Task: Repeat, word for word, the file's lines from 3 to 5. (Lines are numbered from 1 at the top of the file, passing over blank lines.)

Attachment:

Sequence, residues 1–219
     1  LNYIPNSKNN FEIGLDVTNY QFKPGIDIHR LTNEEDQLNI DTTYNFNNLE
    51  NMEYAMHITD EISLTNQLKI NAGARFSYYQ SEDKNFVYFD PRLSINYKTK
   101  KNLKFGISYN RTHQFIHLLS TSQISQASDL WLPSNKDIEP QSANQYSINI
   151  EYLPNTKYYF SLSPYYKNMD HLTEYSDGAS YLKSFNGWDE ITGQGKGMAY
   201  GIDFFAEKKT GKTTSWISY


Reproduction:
    51  NMEYAMHITD EISLTNQLKI NAGARFSYYQ SEDKNFVYFD PRLSINYKTK
   101  KNLKFGISYN RTHQFIHLLS TSQISQASDL WLPSNKDIEP QSANQYSINI
   151  EYLPNTKYYF SLSPYYKNMD HLTEYSDGAS YLKSFNGWDE ITGQGKGMAY